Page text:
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Does it Stay or Does it Go? (with the house)

3 Nov 2016 5

Once upon a time, an excited first time home-buyer was scouring the market for the perfect home. Finally, after months of searching he found it – the exact home he dreamt of! He wrote up an offer with his Realtor and the transaction went smoothly. He closed on the house, the Realtor gave him his keys and went right over to his new home.  He opened the door and stepped in, but something just didn’t seem right- something had changed but he couldn’t put his finger on it.

He looked at the listing pictures and realized the seller removed the window coverings and also swapped out the refrigerator with a different one!  The buyer was upset, and thought these items were included in the sale.  But were they?

Situations like this are all too common. It’s important to know, for both the buyer and sellers sake, what is included and not included in the sale of the property. In real estate, everything is negotiable. But it’s less about what you are allowed to purchase with the house, than what you have contractually obligated to include/buy with the house.

Can you imagine walking into a home you just bought to find something like this!?

"Kitchen not included!"

“Kitchen not included!”

To alleviate confusion and simplify the process, the standard REALTOR Purchase Contract in Arizona includes the following items WITH the sale of a property:

Free standing range/oven
Ceiling Fans
Attached floor coverings
Window and door screens, sun screens
Garage door openers and controls
Outdoor landscaping, fountains, and lighting
Pellet, wood-burning or gas-log stoves
Storage Sheds
Light Fixtures
Towel, Curtain and drapery rods
Flush Mounted Speakers
Storm Windows and Doors
Attached Media Antennas/Satellite dishes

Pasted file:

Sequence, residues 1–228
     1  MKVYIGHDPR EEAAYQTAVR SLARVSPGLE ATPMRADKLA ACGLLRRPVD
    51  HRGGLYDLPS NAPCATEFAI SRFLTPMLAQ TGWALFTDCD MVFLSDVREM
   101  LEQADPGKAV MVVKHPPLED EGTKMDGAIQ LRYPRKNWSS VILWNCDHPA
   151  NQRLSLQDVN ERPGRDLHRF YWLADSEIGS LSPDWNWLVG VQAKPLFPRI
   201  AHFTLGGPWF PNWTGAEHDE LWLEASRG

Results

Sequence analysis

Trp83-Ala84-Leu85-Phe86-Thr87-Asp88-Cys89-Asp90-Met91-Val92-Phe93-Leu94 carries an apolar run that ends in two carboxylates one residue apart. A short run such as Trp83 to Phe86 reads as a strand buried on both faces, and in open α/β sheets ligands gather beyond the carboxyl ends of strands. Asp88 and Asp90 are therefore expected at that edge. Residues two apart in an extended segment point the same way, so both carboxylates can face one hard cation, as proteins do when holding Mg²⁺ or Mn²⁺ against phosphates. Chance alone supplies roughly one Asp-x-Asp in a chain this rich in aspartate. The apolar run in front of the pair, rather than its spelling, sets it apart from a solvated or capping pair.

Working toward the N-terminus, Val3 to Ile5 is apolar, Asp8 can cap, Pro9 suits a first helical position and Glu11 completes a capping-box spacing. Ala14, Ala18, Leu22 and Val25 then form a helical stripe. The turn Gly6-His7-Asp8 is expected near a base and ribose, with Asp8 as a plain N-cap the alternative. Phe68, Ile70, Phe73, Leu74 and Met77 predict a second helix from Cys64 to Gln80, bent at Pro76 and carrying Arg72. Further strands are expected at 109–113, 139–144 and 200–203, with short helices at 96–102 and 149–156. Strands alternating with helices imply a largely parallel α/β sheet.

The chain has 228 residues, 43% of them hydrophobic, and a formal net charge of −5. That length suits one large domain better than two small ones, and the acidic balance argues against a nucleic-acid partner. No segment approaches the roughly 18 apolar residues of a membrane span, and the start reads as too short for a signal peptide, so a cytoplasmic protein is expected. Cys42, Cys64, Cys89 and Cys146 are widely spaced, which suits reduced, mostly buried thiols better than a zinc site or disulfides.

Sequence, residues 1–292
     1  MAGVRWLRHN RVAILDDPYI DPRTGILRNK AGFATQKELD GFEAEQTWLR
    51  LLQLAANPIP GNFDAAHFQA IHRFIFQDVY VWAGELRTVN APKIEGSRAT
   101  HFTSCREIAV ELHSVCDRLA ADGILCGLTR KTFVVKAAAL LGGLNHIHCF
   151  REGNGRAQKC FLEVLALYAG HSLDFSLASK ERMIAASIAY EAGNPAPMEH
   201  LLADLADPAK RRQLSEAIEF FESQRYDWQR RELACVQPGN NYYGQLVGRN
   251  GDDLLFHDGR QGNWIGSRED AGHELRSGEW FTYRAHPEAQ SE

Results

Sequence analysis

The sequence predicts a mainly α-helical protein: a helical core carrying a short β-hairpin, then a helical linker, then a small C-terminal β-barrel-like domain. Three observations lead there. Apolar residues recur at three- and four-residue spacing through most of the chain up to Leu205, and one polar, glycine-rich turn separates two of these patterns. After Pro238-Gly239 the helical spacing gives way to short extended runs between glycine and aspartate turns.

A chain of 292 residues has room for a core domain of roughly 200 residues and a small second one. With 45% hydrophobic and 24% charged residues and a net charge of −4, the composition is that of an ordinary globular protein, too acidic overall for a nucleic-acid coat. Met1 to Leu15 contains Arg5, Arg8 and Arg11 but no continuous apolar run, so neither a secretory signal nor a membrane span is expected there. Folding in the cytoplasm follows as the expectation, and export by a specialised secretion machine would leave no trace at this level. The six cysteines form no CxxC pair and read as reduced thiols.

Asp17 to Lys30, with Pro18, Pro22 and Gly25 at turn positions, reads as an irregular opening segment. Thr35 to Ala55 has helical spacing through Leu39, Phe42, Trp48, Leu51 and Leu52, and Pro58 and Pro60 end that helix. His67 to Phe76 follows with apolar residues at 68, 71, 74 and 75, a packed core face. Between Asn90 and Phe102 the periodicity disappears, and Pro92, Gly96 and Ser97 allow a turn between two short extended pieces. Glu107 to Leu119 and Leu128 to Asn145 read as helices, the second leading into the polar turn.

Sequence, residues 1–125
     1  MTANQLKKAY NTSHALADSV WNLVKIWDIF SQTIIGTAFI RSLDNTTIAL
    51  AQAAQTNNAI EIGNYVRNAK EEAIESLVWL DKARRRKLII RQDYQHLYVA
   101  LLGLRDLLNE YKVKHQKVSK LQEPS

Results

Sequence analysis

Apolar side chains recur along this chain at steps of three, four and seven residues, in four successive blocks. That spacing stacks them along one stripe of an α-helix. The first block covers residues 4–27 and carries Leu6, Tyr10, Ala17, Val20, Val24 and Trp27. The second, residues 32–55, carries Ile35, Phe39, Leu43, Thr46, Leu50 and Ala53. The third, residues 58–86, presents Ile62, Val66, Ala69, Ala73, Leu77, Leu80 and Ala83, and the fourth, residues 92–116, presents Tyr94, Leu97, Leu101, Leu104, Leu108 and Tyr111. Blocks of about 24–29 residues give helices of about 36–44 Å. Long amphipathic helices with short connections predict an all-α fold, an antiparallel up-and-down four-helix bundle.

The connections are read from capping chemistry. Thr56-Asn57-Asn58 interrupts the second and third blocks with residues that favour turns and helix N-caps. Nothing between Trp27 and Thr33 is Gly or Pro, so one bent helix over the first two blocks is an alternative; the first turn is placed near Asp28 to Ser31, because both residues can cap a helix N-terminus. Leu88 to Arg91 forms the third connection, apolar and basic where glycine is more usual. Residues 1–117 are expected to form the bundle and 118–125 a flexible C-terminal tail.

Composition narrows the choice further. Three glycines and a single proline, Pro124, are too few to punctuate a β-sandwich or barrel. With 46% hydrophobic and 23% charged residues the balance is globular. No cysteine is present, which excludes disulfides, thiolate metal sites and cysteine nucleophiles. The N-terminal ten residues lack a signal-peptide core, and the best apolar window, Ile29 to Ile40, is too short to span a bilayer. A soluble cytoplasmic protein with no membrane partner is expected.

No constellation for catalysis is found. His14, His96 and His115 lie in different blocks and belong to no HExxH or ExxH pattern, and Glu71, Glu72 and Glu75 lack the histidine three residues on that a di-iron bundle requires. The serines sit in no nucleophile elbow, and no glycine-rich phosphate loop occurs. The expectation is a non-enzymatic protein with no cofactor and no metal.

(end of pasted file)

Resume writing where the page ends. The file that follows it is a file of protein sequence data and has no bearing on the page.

Attached fireplace equipment
Draperies and other window coverings
Shutters and Awnings
Water-Misting Systems
Solar Systems
Central vacuum, hose, and attachments
Built-in appliances
Pool and Spa Equipment (If Owned not leased)
Security and Fire systems (If Owned not leased)
Water Softeners (If Owned not leased)
Water Purification Systems (If Owned not leased)

Notice appliances such as refrigerator, washer and dryer are NOT on this list. These items are considered personal property. However, these items are commonly included in the sale, so we must write them in to the contract to be sure the buyer and seller agree.

In the situation above, the contract of the buyer just said “refrigerator included”, but did not specify WHAT refrigerator. The sellers, in their infinite sneakiness decided to put their old refrigerator from the garage into the kitchen, and take their nice $5,000 Sub-Zero refrigerator with them. Unfortunately for the buyer, the seller’s bait and switch move would NOT be a breach of their contract.

New refrigerator or old refrigerator?

New refrigerator or old refrigerator?

In the real world, 99% sellers would never try to pull this off, but it’s always best to make sure. For this reason, it’s important your Real Estate agent understands this.  If you are purchasing any personal property from the seller, specify what exactly it is.  Take a picture, right the serial # in, make & model, etc.

So what about the window coverings that the sellers took with them?  Were they allowed to take them?  Unless otherwise specified in the contract, window coverings ARE included with the sale of a home.  This is a common item that sellers don’t realize and may take with them while packing.

Generally speaking, if it’s permanently attached to the house, it stays. This has brought up some interesting battles with TV’s as more and more homes have TV’s mounted to the walls.  Are these permanently attached? Or are these personal property and its common knowledge?

Is the tv a part of your home sale?

Is a mounted TV a part of your home sale?

If there is ever a question on whether or not something is included, ask your Real Estate agent and for goodness sake, put it on the contract to be sure!

Sometimes when folks move, they want to sell all the furniture as well.  Beware of adding personal property to a contract!  Personal property should be put on a SEPARATE bill of sale handled outside the real estate transaction. Purchasing $10,000 worth of furniture built into the sales price can cause nightmares with appraisals and financing.

Do note that when buying a home, you are typically entitled to a final walk-through before closing.  This allows you a chance to make sure everything that was agreed upon per contract is still in the house, and the home is in the same condition/shape it was when you made an offer – including things like missing window treatments.

The home-buyer in this story learned a $5,000 lesson – working with a Realtor who doesn’t understand the nuances and technicalities of the contract can be costly!  Don’t be like this home-buyer.

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Jon Knutson Realtor

Jon Knutson, REALTOR®

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